Many young people are given privileges for which they have no appreciation. But what did Simeon say in response to his privilege? Look at verses 29–32. Simeon was so grateful to God. He was deeply aware that God had graciously answered his prayers. Now he could see with his eyes God’s salvation for all human beings. We learn from Simeon how to live as godly people in a godless world. He held onto God’s promises, prayed, and never gave up hope in God. He didn’t get engrossed in small things; he wanted to see with his own eyes God’s promise come true, to send the Savior of the world. And he was faithful to pray for God’s people to the end of his life. God’s work and history doesn’t happen in a vacuum; it happens through people like Simeon.
What did he say about the baby Jesus? Let’s read verses 30–32. He calls Jesus God’s salvation. He says he’s “a light for revelation.” Simeon knew very well what it was to live in dark times. But he was convinced that Jesus is a light for revelation.
To live in darkness may sound cliché, but it’s a very real experience for so many people. Despite all our material wealth and technology, people can still be so dark. We see all around us the darkness of racism and selfishness, of anger, hatred and bitterness, of loneliness, fear and sorrow, of guilt and despair. Living in darkness people struggle just to survive, or to gratify their desires. But in darkness we have no meaning, purpose or direction, and worst of all, no truth. As we continue in darkness we gradually lose our humanity and become ugly. The 17th century English philosopher Thomas Hobbes famously wrote that human life is “solitary, poor, nasty, brutal and short” (Leviathan, xiii). Even earlier, the Apostle Paul described human beings’ spiritual darkness as having “no understanding, no fidelity, no love, no mercy” (Ro1:31). In many places in our world today there is so much darkness. So many people don’t really know God. So many are pursuing the wrong things. So many are so spiritually sick. So many seem so far away from God, and so hopeless. Sometimes this darkness can even seep into the souls of Christians. Especially when we don’t stay close to Jesus and start depending on ourselves, this darkness can overtake us.
But Jesus, God’s salvation, was born to be our light. As a light for revelation, what does he “reveal”? He reveals our sins. But even more than that, he reveals God’s love and his saving grace. He gives us “the knowledge of salvation through the forgiveness of [our] sins” (1:77). He shows us the hope of God’s glory and of his amazing kingdom. His light is for “the Gentiles,” meaning, for all the people of the world, no matter who they may be—any race, any culture, any mentality or religion, any confusion or human state. Jesus can give light even to the person in the worst darkness. In our spiritually dark times it’s easy to become negative about many things, including college student ministry. But Jesus is still a light for revelation to today’s college students, too.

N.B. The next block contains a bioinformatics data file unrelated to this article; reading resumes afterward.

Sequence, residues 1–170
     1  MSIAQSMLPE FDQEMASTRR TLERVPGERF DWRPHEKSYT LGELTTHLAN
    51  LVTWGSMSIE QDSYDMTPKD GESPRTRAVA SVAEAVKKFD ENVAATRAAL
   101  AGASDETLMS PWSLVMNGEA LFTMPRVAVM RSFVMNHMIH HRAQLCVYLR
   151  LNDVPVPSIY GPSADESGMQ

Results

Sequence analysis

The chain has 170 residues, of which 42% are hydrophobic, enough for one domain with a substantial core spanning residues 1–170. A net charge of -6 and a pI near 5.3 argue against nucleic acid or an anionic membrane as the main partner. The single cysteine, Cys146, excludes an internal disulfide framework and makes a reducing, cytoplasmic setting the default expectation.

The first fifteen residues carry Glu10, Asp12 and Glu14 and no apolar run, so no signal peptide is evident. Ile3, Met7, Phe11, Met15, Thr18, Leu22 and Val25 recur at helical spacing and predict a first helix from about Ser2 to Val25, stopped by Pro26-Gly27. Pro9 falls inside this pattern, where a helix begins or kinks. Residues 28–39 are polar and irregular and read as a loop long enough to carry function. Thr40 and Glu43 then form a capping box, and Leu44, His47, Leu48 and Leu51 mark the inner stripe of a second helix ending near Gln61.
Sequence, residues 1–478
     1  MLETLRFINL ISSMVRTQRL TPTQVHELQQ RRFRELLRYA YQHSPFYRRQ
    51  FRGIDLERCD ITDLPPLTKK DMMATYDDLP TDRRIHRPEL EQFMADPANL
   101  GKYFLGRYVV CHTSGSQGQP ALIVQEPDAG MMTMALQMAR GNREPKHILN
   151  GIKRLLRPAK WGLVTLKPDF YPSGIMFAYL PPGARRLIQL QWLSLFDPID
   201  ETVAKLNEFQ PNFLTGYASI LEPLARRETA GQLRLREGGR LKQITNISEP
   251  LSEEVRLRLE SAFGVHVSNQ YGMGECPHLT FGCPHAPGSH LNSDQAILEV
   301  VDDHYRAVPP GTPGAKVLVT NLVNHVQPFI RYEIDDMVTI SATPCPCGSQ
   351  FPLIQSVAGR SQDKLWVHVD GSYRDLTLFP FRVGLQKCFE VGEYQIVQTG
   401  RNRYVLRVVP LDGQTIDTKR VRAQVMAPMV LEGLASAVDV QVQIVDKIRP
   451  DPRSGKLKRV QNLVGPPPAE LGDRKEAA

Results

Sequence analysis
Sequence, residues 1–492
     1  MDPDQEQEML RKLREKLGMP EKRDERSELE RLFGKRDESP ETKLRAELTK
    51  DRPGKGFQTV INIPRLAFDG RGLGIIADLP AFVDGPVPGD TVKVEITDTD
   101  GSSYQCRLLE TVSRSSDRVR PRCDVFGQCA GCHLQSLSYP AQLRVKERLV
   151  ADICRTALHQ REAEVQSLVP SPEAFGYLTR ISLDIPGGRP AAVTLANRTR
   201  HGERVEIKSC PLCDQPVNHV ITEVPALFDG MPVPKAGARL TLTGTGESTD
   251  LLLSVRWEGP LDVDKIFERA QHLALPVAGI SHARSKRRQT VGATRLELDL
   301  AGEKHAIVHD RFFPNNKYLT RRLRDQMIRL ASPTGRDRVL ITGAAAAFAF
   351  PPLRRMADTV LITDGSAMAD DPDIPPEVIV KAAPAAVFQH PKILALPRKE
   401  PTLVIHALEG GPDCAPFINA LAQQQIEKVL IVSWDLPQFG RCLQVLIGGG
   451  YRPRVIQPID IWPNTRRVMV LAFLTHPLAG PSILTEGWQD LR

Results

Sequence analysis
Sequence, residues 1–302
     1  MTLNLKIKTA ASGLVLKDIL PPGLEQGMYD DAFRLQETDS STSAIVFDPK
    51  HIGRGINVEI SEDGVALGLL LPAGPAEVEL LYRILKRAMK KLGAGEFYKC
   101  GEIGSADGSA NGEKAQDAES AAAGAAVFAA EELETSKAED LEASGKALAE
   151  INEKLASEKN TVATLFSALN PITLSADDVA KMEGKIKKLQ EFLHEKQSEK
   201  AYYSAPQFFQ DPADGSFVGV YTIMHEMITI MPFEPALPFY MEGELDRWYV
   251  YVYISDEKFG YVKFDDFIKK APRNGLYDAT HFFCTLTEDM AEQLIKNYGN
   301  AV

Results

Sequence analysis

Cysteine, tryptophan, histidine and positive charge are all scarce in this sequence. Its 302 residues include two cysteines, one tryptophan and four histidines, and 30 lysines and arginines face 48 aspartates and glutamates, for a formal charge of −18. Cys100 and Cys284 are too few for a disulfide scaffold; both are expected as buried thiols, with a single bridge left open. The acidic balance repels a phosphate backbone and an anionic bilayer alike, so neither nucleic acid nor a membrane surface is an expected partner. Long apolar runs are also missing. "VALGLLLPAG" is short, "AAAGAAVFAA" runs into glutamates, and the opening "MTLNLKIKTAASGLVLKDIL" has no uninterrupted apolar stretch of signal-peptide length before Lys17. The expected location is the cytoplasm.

Luke emphasizes the importance of how we respond to Jesus. Look at verses 33–35. The “sword” that pierced Mary’s soul would be the day she would watch him die on a cross. But here, verse 34 is key: Those who believe in Jesus will “rise;” those who reject him will “fall.” Many people today say, “Who cares?” They seem to get away with whatever they want. In our world, success seems based on many unjust things. But that’s not true. Actually, life’s ultimate destiny is determined by how we respond to Jesus.
Who was Anna? Look at verses 36,37. If we do the math, she was probably about 105 years old. Like Simeon, this super old lady seems too intense. But she was a very precious person in the sight of God. She’d lived most of her adult life as a widow. But she didn’t spend all those years in regret, longing for a husband. She used the freedom of being single to worship God night and day and pray for her people. Like Simeon, this old lady was a “mover and shaker” in God’s redemptive history. God used her faith and prayer as an important part in sending the Savior. Look at verse 38. She greeted Mary and Joseph and their baby and gave thanks to God. And then, even this old woman went around comforting others and telling them about the good news of Jesus’ coming.
Let’s read our key verse, verse 32, again. This Christmas may Jesus’ light shine in our hearts newly. May he reveal how much we need God, and how great God’s grace and love for us are. This Christmas may Jesus be our glory. And may he inspire us with the conviction that he’s a light for the Gentiles. May he renew in us a passion to pray for all the people of the world to experience his light. May God help us learn how to obey his word and dedicate our children to God. Finally, may God help us learn how to live like Simeon and like Anna in dark times, holding on to God’s promises no matter what, and praying.